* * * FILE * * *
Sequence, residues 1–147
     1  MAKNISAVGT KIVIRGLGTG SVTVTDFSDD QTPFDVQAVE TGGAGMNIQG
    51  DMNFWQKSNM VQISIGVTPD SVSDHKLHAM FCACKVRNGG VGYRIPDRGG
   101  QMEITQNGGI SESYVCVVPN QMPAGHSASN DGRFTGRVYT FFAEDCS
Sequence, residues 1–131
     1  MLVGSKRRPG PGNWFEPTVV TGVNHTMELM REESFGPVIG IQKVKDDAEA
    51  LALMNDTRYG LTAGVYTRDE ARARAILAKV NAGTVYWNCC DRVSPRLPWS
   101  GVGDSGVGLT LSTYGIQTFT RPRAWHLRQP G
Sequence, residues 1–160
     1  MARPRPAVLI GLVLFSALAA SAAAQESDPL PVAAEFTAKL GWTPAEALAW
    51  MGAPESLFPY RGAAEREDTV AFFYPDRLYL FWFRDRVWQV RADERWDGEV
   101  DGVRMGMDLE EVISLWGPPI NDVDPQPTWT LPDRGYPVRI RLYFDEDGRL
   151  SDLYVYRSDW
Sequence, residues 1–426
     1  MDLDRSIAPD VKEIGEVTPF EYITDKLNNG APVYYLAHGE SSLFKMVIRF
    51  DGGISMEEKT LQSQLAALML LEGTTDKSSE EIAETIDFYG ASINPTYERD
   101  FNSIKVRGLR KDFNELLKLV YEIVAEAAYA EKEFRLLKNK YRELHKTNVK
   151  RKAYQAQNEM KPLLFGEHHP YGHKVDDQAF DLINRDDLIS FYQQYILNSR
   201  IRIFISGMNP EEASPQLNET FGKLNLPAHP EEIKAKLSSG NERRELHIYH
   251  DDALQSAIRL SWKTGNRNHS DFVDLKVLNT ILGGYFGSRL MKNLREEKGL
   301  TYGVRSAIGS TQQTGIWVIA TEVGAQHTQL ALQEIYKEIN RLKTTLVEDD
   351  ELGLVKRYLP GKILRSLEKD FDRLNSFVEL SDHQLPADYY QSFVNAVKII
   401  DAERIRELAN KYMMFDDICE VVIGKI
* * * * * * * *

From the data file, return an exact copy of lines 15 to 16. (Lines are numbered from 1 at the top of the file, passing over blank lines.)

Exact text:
     1  MDLDRSIAPD VKEIGEVTPF EYITDKLNNG APVYYLAHGE SSLFKMVIRF
    51  DGGISMEEKT LQSQLAALML LEGTTDKSSE EIAETIDFYG ASINPTYERD